A Very City Paper Thanksgiving: Parsnip Cakes

A Very City Paper Thanksgiving: Parsnip Cakes
Credit: Henry Hong.

So first things first, what exactly is a parsnip? If you mentally pictured an albino carrot, count yourself as part of a very small minority. If you recounted a mildly sweet flavor, a celery-with-notes-of-wet-paint aroma, and a slightly chalky-when-raw and almost-creamy-when-cooked texture, then we should probably be friends. You almost never see these guys anymore in grocery stores, except in the occasional "soup stock pack" where it's packaged with other aromatics like celery or turnips, or, most woefully, in your more upscale boutique markets.

It's a classic case of a once-dirt-cheap vegetable becoming unpopular to the point of obscurity, and thus suddenly desirable, and thus expensive. That seems to be changing—I've more recently seen parsnips in Safeway for about the same price as organic carrots. Anyway, unlike carrots, parsnips almost always require cooking for best effect, and like most root vegetables, are easiest to dispatch via boiling and mashing. It's great as a background player, contributing a more or less anonymous high note to mashed potatoes, say. But given its modern-day rarity, it's cool to be able to feature it solo and in a slightly different form than the other, more standard holiday roots.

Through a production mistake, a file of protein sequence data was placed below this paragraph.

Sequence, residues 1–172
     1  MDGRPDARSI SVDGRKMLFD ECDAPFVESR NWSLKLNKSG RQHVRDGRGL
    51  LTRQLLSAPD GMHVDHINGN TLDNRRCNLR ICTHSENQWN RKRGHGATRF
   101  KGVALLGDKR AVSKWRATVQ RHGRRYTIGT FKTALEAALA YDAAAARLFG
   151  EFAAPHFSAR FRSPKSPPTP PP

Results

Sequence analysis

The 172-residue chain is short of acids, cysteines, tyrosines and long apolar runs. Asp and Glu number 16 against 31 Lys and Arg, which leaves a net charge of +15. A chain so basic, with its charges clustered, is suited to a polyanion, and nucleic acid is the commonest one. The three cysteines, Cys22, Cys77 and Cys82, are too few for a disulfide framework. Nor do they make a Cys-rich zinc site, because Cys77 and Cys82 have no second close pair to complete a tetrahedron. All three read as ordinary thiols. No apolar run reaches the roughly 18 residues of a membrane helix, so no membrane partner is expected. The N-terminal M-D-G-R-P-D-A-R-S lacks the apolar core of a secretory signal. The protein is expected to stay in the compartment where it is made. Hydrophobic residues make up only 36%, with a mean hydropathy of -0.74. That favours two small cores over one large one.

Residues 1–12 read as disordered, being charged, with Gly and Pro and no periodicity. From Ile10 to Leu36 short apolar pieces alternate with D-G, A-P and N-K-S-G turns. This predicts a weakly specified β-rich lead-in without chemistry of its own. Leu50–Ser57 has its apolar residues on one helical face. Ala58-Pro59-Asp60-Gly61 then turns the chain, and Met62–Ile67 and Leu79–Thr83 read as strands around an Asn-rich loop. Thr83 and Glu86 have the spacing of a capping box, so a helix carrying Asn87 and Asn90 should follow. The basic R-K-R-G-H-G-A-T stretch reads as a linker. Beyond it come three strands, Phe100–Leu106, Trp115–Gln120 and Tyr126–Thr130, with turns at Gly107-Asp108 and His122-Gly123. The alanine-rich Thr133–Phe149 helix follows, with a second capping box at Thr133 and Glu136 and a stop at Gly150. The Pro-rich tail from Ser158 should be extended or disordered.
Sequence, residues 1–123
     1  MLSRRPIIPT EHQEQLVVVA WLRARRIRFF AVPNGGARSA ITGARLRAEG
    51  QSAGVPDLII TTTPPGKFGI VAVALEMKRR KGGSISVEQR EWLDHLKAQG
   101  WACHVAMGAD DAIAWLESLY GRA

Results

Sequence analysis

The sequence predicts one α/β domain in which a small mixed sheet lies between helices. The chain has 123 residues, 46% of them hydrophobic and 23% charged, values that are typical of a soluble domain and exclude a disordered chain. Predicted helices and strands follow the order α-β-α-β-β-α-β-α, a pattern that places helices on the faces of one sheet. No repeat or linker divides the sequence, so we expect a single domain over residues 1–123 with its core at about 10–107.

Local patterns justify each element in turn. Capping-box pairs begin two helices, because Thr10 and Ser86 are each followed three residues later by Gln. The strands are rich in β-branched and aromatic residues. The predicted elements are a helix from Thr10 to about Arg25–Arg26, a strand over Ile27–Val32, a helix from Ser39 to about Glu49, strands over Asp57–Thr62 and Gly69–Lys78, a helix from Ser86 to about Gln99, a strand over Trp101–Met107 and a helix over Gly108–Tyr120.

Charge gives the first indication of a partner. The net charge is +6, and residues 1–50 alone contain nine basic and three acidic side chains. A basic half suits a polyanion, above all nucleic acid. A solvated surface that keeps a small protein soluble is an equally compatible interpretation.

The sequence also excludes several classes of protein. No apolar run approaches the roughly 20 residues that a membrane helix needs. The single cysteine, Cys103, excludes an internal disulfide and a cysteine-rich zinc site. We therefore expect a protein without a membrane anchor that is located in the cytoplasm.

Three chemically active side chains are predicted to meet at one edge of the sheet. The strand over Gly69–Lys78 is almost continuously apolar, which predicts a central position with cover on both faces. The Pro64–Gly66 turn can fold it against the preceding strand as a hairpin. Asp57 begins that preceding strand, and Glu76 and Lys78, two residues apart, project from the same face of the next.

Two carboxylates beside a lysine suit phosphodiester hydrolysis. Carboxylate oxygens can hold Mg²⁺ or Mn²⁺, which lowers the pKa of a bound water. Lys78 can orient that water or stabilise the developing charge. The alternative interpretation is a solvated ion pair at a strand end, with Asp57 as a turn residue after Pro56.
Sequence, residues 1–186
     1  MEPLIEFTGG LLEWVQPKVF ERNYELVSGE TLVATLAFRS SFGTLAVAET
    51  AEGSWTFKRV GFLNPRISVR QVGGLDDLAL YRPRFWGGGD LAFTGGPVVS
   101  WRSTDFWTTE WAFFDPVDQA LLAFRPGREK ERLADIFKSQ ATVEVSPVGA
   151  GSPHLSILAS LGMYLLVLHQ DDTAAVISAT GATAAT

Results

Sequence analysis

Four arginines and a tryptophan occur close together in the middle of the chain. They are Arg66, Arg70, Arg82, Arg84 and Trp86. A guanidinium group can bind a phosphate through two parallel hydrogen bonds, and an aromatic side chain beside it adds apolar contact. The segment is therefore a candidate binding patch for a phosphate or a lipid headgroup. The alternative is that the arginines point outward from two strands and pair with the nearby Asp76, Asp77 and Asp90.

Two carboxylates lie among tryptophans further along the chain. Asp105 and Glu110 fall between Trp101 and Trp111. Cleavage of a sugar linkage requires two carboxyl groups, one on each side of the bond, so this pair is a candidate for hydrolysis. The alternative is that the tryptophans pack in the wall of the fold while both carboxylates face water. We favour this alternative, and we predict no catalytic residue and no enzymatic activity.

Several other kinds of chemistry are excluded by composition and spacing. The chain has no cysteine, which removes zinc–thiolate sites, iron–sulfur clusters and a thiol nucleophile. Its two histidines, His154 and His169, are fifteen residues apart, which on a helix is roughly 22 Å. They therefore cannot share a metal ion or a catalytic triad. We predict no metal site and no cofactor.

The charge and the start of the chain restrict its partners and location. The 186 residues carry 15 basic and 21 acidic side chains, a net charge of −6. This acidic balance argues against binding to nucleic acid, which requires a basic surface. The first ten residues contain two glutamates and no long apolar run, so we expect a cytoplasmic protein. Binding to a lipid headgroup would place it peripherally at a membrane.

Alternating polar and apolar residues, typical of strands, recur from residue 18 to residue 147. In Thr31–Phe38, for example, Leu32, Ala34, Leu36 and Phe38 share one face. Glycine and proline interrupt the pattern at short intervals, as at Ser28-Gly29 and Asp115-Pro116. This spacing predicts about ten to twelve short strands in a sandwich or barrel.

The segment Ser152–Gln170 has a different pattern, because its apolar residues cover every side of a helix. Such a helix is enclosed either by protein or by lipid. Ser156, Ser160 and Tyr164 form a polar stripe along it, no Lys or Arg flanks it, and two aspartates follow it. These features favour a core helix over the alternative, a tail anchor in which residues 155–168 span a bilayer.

Parsnip Cakes
1 pound parsnips
1 egg
1 tablespoon softened butter
1 tablespoon chopped scallions
1 tablespoon chopped cooked bacon
Flour or breadcrumbs

Trim ends of parsnip, cut in half, keeping skinny half intact and cutting fat end in half lengthwise. Boil in salted water until soft, 10-15 minutes. Drain and allow to cool.


The peel should slip off easily after cooling; also remove tough woody core if present. Mash with a fork thoroughly and mix in the butter (do not puree in a food processor—mixture will be too loose to form proper cakes).

Combine parsnips and remaining ingredients, mixing thoroughly. Refrigerate for about an hour for easier handling of the mixture (optional).

Form into small cakes, perhaps the size of a Reese's Peanut Butter Cup. Dredge in flour or breadcrumbs, shake off excess, and set aside. Heat some oil or butter in a pan to medium hot, and fry cakes until brown on both sides.

Serve—the cakes are really good served with sour cream or some other rich condiment like mayonnaise or even hollandaise or béarnaise.